Cytokeratin (CK7 and CK20) switching in the natural history of pulmonary small cell carcinoma: an interesting but unpublished phenomenon
- Royal Blackburn Hospital, Blackburn, UK
- Correspondence to Dr Muhammad Babar Aslam, Consultant Pathologist, Royal Blackburn Hospital, Haslingden Road, Blackburn BB2 3HH, UK;
- Accepted 14 December 2010
- Published Online First 19 January 2011
- small cell carcinoma
- lung cancer
- small round cell tumours
Metastatic small cell neuroendocrine carcinomas in the neck lymph nodes require further investigation including immunohistochemistry to find out the possible primary sites. The commonest immunoprofile for metastatic small cell carcinoma from a lung primary is positive staining with neuroendocrine markers CK7 and TTF-1 and no reaction to CK20. The differential cytokeratin staining is very useful in excluding other primary neuroendocrine tumours like Merkel cell carcinoma and small cell carcinoma of the salivary gland. Here we describe a unique example of cytokeratin switching by a pulmonary small cell carcinoma, a previously undescribed phenomenon creating diagnostic difficulty.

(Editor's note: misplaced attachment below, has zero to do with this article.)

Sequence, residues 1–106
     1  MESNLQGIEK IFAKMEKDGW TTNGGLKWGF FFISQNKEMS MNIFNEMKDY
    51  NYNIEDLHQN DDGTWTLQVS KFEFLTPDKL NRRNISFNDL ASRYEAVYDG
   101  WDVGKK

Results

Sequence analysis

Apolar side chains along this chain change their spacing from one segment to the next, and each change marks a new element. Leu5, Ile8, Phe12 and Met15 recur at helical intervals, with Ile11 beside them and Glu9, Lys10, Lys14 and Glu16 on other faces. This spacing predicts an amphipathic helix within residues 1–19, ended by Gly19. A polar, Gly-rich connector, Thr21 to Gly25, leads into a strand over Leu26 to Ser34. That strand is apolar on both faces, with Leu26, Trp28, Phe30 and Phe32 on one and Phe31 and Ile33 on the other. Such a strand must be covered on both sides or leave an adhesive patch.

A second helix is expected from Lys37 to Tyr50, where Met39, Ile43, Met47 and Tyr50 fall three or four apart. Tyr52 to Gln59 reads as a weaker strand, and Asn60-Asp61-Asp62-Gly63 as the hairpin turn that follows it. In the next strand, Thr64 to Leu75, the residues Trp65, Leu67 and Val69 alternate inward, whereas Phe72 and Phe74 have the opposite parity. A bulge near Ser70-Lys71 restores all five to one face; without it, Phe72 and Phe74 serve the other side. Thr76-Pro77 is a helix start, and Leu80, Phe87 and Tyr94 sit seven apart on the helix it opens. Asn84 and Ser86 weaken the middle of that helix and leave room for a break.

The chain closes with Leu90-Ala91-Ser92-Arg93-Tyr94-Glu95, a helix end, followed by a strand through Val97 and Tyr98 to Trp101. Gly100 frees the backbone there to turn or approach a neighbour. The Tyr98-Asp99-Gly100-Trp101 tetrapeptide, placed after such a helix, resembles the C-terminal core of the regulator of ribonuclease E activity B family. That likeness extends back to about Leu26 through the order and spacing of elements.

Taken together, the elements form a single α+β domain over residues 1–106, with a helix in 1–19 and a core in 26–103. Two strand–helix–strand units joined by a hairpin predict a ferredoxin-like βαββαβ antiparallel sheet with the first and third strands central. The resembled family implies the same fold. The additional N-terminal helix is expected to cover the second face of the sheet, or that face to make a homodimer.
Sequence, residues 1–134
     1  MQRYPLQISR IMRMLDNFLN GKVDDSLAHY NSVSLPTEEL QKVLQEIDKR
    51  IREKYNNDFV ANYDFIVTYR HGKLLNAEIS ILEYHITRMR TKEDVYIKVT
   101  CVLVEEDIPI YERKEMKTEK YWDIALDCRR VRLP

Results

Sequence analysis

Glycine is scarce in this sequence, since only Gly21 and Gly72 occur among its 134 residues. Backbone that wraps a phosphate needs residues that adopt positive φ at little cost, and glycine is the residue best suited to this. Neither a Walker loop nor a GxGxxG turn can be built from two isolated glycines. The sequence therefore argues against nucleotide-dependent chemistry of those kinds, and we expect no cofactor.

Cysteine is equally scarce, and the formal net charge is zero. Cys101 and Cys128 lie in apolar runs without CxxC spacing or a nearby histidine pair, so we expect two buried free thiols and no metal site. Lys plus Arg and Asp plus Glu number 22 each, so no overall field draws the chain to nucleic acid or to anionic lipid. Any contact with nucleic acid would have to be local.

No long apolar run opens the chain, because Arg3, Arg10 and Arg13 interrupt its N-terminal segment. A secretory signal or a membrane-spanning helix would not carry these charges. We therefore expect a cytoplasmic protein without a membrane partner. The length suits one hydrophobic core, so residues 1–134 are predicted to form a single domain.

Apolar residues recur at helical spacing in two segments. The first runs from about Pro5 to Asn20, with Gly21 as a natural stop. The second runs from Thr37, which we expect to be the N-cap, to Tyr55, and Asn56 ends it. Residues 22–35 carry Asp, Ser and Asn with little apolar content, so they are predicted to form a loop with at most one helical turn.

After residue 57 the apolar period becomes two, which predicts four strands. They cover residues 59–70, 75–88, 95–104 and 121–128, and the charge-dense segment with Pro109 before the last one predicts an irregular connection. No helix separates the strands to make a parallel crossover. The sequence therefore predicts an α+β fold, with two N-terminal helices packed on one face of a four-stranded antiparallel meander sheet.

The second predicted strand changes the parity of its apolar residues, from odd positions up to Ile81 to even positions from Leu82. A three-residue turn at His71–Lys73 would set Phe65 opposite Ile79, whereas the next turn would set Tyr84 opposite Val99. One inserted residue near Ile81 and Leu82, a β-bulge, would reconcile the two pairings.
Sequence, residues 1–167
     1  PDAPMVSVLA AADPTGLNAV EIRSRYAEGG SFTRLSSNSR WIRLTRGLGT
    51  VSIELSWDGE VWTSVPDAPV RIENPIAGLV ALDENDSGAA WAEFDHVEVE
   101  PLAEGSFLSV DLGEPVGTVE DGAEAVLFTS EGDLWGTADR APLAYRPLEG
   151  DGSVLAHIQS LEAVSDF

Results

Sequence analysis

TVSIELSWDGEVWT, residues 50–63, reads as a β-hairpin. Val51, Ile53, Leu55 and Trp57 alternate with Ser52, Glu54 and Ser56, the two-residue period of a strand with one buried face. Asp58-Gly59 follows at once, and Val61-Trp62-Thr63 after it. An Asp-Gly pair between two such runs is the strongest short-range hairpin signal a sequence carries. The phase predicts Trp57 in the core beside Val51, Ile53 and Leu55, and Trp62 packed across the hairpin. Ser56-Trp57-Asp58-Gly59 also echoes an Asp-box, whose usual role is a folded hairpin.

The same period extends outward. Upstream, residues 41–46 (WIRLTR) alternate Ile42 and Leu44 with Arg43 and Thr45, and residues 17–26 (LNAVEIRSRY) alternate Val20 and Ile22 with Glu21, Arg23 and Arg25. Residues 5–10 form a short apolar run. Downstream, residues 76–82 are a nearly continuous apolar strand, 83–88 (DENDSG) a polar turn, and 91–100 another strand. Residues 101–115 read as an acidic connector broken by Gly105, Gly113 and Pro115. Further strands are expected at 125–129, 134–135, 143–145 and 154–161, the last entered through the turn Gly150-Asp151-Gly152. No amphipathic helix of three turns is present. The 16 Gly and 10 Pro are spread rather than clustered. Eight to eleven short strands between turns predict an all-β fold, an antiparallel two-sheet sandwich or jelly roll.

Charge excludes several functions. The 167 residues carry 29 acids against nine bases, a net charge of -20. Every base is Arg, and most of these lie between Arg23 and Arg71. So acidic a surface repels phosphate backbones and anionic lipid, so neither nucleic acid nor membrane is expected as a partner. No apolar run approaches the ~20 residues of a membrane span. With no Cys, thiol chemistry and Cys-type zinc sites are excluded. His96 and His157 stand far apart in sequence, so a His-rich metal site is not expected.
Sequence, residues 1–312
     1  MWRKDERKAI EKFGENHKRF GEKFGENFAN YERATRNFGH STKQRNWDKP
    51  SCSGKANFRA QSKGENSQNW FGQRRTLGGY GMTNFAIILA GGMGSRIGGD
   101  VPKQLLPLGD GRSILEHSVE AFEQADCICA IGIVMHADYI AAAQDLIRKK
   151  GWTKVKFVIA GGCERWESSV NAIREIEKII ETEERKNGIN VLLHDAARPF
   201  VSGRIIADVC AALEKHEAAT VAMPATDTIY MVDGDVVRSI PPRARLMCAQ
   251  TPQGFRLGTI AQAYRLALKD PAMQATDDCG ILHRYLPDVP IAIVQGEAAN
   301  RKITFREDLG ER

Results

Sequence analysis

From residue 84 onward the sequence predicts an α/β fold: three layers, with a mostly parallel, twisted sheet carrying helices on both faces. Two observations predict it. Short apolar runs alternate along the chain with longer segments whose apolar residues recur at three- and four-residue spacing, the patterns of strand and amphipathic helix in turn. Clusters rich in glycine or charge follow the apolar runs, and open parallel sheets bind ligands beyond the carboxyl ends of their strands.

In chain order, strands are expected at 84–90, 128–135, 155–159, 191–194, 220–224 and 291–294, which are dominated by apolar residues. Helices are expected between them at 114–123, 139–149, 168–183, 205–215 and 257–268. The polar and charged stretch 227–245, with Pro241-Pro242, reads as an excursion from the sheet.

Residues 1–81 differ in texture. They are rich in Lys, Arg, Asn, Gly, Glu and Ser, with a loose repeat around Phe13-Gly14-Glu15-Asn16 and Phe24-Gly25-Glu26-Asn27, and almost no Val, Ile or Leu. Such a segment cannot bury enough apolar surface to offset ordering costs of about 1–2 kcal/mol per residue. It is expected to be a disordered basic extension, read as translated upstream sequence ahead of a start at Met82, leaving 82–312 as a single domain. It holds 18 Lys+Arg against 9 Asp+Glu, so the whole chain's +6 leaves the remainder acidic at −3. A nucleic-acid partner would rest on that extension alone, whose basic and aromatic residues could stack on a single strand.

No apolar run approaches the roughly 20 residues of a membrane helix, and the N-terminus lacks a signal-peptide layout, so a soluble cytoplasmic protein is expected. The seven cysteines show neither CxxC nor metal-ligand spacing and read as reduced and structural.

An elderly patient presented to the emergency department with an acute history of breathlessness and a lump in the right neck. Signs of superior vena cava obstruction were present. Fine needle aspiration of the lump was carried out, showing a cellular aspirate with a necrotic background. The cellularity comprised a diffuse population of atypical cells with high nucleus:cytoplasm ratio, scanty cytoplasm, clumped chromatin and nuclear moulding.
Immunohistochemistry showed that the atypical cells were positive with synaptophysin, chromogranin and CD56 (neuroendocrine markers). The tumour cells also showed paranuclear dot like positivity with MNF116 and CAM 5.2. CK20 was strongly positive while CK7 was negative (figure …